The “or” clause addresses the ‘grandparenting’ of faculty members holding doctoral degrees in closely related disciplines other than counselor education and supervision but having significant experience with and solid identity in counselor education. If the terminal degree is in a related discipline, the core faculty members must have been employed as full-time faculty members in a counselor education program for a minimum of one full academic year before July 1, 2013, and similarly meet the professional identity and activity requirements in Standards I.W.3-5. Individuals holding master’s degrees may serve as faculty members in counselor education programs but will fall under the standards addressing non-core faculty (Standards I.Y.1-3). Programs may put hired doctoral candidates (i.e., ABD) forward as core faculty providing the program can ultimately demonstrate completion of the degree within an anticipated graduation time frame.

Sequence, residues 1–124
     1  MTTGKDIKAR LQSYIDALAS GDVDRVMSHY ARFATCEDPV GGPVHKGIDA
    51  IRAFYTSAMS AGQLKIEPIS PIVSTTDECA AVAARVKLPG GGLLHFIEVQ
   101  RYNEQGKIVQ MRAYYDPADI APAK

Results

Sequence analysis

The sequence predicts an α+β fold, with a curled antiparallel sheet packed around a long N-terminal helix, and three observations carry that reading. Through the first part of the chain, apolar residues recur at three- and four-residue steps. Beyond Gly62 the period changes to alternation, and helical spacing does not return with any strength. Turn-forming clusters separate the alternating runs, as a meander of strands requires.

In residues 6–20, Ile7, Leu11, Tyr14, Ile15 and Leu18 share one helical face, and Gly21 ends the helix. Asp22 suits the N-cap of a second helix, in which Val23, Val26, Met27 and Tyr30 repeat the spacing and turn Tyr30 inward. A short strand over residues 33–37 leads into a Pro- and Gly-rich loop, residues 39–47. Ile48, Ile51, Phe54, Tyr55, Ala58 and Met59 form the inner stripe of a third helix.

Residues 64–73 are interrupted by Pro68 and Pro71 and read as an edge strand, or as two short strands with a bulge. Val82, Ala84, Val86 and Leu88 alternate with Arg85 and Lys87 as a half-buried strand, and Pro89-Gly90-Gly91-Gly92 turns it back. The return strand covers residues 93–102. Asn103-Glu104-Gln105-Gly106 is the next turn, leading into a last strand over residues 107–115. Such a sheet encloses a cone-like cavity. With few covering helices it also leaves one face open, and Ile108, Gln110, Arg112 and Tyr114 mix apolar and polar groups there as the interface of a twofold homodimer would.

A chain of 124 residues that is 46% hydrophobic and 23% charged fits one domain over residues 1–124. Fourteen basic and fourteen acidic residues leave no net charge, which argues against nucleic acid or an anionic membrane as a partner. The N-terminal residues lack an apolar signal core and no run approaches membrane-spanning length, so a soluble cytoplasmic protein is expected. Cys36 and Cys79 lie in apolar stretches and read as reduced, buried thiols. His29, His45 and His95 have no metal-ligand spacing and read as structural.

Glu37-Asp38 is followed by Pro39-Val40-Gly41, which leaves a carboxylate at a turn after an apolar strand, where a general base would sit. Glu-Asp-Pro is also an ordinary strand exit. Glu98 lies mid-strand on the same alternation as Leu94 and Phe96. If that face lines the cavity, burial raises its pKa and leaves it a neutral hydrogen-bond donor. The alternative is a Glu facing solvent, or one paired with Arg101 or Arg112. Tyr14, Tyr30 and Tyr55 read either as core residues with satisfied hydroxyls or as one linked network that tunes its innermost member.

Board Member Openings

CACREP is currently looking for a few good Counselor Educators to serve a five year term on the CACREP Board beginning July 1, 2014. Application materials and details.


CACREP is soliciting research proposals from counselor educators and researchers that (1) examine the appropriateness, utility, and impact of CACREP Standard I.N. which requires, “Institutional data reflect that the ratio of full-time equivalent (FTE) students to FTE faculty should not exceed 10:1” and, (2) employ empirically-based research methods for collecting and analyzing data from which conclusions and implications for practice can be made. Other research topics of interest to CACREP that will be considered include empirically-based research studies regarding the impact of CACREP accreditation on students, graduates, programmatic changes, faculty productivity, and professional identity.

Applicant researchers can be funded up to $1,500. Full details on the faculty RFP can be found in the announcement. (Deadline to apply is December 5th, 2013.)

CRIGS Fellows Opportunity

The CACREP Research Initiative for Graduate Students (CRIGS) Program is wrapping up its inaugural year and CACREP is now seeking two graduate students to become CRIGS Research Fellows for 2014. Further details about the CRIGS program and information about how to apply can be found on the CACREP website. Applications are due by November 15th, 2013. CRIGS info and how to apply.